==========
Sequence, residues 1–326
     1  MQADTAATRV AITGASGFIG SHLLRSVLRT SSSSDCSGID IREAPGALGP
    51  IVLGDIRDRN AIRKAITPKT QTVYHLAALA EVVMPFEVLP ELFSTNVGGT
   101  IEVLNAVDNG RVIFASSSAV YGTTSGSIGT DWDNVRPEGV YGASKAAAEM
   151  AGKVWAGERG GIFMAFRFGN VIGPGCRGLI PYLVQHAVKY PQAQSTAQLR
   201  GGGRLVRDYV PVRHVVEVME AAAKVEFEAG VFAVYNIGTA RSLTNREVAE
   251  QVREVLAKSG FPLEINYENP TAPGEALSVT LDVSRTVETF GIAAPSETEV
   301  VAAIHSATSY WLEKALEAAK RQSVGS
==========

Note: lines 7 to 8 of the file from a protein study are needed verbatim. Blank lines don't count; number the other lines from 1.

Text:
   251  QVREVLAKSG FPLEINYENP TAPGEALSVT LDVSRTVETF GIAAPSETEV
   301  VAAIHSATSY WLEKALEAAK RQSVGS